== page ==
Secondly, the modules support dynamic addressing. Usually with I2C devices, you need to solder address jumpers when using more than one of the same type of device. Even then, you may be limited to just a few. With Modulo, you can connect any number of the same device and the controller will automatically assign I2C slave addresses to them.

Third, the modulo protocol uses error correction, allowing you to use longer cables than would normally be advisable with I2C. If a transmission fails due to electrical noise, the controller will detect that and retransmit.

Finally, one of the best built-in features of Modulo, is it has a higher level serial protocol that makes devices controllable over USB. This means a program running on your computer (perhaps a script or a program with a UI) can use convenient APIs to control the hardware you build.


When describing her favorite and most difficult experiences when breathing life into the project, Erin shared the most difficult obstacle was communicating her vision behind the project to the rest of the world. As an engineer at heart, she’s found sales, marketing, and advertising are not her strongest talents. If I just did what came naturally, I’d probably never tell anyone about Modulo. That doesn’t make for a very good business plan, though. Her background is in developing very large, proprietary software for a huge organization. So as you can imagine, she’s found switching to running a tiny company, doing lean open hardware, a major shift with a steep learning curve. With manufacturing, the challenge is designing for someone else to make thousands of something. And unlike software, she’s confronting the tough realities regarding inventory, supply chain, and volume pricing.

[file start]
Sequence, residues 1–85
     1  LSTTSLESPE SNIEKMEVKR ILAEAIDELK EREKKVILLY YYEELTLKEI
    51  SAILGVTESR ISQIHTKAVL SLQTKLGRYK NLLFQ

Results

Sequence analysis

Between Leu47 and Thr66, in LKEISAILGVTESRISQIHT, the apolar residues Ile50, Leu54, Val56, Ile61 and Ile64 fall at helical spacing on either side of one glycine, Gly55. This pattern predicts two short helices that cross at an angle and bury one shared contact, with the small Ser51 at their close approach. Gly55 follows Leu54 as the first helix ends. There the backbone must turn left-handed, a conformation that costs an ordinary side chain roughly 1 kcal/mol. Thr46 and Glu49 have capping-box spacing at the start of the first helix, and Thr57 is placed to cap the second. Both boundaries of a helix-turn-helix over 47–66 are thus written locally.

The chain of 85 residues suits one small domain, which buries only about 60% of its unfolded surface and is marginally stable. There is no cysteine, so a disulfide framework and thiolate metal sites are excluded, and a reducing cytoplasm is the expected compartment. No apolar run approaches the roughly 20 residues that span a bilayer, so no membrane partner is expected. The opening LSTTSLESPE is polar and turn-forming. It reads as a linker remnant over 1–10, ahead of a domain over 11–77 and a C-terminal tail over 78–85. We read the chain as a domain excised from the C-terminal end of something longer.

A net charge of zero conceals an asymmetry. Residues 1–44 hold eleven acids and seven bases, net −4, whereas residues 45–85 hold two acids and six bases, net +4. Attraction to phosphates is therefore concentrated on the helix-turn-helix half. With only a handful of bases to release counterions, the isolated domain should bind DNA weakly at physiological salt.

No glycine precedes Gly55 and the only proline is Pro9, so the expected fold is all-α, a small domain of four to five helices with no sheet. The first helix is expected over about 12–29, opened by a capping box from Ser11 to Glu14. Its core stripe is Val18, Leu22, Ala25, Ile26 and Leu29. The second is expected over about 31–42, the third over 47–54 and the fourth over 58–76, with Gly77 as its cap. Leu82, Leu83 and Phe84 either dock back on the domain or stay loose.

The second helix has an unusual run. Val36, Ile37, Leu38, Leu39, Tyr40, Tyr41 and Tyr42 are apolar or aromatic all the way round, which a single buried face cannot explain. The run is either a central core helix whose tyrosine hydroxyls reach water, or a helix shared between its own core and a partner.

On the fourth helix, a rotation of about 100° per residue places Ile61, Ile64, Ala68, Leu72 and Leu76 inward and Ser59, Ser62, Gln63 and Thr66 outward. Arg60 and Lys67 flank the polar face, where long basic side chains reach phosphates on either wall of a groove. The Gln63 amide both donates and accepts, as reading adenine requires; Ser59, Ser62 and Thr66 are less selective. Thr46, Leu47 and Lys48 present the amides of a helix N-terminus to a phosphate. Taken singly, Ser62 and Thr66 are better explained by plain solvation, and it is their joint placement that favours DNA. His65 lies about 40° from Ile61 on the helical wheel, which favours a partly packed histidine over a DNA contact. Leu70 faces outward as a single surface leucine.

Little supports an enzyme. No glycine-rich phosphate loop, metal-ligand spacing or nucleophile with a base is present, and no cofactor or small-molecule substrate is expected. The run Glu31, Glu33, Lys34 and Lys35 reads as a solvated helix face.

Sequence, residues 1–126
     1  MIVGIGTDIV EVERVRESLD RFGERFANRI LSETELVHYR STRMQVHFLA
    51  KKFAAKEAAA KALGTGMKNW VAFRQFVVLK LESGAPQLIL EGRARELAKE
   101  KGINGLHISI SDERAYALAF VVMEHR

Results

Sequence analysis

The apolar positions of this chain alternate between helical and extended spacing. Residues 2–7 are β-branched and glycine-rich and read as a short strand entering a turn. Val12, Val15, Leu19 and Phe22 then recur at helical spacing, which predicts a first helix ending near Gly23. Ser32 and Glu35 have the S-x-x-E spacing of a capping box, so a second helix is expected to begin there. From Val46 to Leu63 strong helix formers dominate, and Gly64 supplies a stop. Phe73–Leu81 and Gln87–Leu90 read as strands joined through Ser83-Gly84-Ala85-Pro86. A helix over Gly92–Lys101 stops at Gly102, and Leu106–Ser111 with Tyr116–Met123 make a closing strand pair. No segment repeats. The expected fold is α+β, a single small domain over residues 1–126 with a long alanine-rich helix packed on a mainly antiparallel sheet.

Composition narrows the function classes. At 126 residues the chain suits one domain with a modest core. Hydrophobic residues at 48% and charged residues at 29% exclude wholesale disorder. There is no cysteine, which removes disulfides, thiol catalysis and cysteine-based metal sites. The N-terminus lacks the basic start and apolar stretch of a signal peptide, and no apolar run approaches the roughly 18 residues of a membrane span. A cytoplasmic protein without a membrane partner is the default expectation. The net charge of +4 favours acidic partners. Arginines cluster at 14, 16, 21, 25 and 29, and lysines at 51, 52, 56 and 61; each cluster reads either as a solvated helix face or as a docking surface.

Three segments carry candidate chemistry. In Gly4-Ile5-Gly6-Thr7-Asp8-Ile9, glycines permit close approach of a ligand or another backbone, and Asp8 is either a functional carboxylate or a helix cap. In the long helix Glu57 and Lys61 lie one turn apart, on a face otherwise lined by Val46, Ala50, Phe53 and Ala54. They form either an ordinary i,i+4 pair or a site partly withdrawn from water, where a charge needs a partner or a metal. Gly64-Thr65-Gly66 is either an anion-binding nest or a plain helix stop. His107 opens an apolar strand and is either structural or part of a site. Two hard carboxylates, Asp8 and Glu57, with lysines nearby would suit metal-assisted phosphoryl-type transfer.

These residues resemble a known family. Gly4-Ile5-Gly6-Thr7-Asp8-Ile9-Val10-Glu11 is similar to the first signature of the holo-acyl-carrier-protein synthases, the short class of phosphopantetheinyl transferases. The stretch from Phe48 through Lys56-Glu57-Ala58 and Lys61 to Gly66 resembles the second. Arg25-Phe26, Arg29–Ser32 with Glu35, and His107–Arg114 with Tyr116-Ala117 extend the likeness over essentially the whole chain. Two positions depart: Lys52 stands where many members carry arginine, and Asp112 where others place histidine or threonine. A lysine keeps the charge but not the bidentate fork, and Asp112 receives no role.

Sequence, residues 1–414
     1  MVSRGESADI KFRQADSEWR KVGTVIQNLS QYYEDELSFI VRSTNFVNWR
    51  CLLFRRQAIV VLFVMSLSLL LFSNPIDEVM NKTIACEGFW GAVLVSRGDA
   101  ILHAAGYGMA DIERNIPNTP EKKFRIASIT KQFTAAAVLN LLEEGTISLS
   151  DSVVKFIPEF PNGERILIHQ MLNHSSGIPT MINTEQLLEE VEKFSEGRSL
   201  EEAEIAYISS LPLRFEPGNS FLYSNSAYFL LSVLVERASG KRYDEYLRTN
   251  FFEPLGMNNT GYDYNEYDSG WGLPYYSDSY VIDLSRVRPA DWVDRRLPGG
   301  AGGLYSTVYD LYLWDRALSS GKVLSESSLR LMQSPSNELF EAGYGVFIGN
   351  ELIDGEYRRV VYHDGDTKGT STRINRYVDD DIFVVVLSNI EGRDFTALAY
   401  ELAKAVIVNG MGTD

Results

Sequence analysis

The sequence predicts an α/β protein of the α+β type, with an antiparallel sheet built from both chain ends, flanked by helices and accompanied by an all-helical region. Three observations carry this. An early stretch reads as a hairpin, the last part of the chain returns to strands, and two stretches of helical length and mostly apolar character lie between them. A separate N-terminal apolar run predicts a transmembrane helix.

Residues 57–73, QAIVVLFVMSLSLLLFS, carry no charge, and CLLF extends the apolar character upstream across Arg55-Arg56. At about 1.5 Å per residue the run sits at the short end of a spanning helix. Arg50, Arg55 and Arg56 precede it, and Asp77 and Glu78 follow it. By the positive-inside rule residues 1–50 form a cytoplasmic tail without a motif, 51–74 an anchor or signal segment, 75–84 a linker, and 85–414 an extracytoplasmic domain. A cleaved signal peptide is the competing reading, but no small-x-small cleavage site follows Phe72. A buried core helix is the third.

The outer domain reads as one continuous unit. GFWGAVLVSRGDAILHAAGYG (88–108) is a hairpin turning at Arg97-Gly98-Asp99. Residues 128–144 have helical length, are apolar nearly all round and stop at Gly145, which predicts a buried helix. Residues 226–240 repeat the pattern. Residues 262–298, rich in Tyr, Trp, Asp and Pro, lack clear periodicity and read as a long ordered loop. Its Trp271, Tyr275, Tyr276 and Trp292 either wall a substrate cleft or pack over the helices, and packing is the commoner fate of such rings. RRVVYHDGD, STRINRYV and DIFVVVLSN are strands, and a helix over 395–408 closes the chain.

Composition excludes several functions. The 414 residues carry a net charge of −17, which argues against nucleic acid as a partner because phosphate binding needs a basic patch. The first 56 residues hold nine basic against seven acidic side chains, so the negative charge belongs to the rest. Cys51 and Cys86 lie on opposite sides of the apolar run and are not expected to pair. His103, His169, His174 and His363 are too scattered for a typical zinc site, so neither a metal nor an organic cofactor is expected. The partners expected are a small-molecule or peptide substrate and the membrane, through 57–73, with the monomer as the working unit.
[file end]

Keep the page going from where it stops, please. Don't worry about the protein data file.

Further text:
With a lot of help from talented friends, Erin was able to overcome this.They have all done really incredible work and I’m fairly certain the project would have flopped without them. Brandon Smith and Tim McLoone, who run the design/marketing boutique, designed the Modulo logo, website, and materials for Maker Faire. They also helped establish a social media presence on facebook and twitter. Another friend, Jason Kim, lent his filming and editing talents to create the kickstarter video.

The kickstarter ends soon, and more backers are needed to release the amazing Modulo modules currently ready for manufacture but trapped in the land of stretch goals.  Perhaps more importantly, the kickstarter needs to hit stretch goals for Modulo to become a viable company.  Therefore, supporters waiting until after the campaign to buy a module or kit may leave Modulo in a difficult spot.


If you wish to support the campaign, you should go to kickstarter project page at and make a pledge before the campaign closes on Tuesday at 8pm PDT.

Additional credit:

This post contains some content Erin shared from her interview with Rob Reilly. The article written from that interview can be found here.

*Erin and I originally co-wrote this post for the OSH Park blog.